The Electone was internationally popular in the 70s and 80s. In Singapore, this was also what tiger parents used to send their kids to lessons for. (Although, in my case, it was the opposite case. I sulked till my mother agreed to pay for the lessons) To give you an idea, I once went with some classmates to a kids’ talent show audition. The nice (awful) lady in charge began her briefing by declaring she’s not looking for anybody who plays the organ. “Because that’s sooooooooo common,” she said. You can guess where I stood during that audition.
Anyway, since 1959, Yamaha has released several generations of the Electone, each generation featuring a massive leap in sound and programming capabilities. Curiously, though, this didn’t ensure the popularity of the Electone. In fact, it very much went the other way.
According to some players, this slip into obscurity had a lot to do with Yamaha’s decision not to market to the Western market post 2000. There is some truth in this, although in Asian countries like Singapore, there was still a steady decline in interest and awareness. I’m remain unsure as to whether the overall decline was due to business decisions to reduce marketing efforts, surging interest for other instruments, or the unpleasant reality that learning the Electone is quite a tedious and exhausting process. One other possible reason could also be that the Electone organ is rarely available at schools or entertainment venues i.e. you aren’t going to get many chances to flaunt your skills in public. For parents or kids keen on such “show-offs,” be it for pride or for academic purposes, well, this is not the instrument that’s going to appeal at all. In fact, I’ll stay it’s a put-off, made worse by current low levels of awareness.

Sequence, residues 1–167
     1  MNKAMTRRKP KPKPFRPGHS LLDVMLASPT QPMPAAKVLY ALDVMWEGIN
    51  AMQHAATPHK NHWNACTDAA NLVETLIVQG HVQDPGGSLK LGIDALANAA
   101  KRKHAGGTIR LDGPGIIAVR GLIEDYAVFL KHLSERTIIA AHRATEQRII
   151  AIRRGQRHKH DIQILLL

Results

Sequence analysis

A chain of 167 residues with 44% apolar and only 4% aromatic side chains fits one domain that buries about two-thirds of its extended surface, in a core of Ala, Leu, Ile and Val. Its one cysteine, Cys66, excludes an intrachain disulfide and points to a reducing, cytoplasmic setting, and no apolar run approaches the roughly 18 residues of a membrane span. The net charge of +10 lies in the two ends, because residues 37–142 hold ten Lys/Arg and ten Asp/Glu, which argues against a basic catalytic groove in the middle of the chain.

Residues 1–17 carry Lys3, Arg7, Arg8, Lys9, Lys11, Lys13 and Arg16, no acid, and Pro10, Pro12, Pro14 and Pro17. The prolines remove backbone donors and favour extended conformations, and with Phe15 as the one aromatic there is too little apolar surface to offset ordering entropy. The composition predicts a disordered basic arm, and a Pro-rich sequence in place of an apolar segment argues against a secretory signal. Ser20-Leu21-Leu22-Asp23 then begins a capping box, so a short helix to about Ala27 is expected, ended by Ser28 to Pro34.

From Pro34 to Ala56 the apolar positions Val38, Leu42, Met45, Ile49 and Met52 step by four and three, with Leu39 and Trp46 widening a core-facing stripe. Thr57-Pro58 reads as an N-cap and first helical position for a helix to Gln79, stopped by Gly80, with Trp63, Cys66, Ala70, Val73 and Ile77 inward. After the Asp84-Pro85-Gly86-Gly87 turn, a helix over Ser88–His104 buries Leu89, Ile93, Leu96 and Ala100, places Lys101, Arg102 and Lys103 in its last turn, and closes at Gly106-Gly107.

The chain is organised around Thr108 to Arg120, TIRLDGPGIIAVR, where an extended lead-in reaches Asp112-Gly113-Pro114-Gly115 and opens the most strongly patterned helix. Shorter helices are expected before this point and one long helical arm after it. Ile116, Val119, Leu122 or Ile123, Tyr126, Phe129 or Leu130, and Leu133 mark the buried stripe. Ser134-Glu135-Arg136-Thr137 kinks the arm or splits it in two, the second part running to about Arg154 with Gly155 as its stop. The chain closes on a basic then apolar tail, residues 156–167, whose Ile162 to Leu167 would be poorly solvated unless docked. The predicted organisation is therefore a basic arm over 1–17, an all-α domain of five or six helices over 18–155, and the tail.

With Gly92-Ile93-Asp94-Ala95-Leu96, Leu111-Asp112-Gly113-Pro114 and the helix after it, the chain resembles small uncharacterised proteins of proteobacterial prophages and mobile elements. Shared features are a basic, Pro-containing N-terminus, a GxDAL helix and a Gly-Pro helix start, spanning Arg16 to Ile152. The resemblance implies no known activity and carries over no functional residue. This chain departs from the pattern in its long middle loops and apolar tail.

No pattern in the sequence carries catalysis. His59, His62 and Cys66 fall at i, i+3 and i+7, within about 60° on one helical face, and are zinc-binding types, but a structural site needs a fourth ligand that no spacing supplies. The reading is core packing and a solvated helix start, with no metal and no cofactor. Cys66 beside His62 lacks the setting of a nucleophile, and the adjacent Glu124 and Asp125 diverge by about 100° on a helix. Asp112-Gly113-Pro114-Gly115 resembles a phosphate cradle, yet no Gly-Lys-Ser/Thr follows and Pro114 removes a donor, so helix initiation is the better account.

PS: There’s also the fact that to bring out the best in a modern Yamaha Electone organ, you need to do extensive pre-programming. In other words, who’s going to be carrying a diskette/USB with them all the time? I don’t.
How Do You Play the Yamaha Electone Organ?
I could go on and on about this, but in summary:
- The Electone, as an organ, is one of the three musical instruments that requires use of both hands and feet.
- The right hand plays the melody on the Upper Keyboard (U.K.).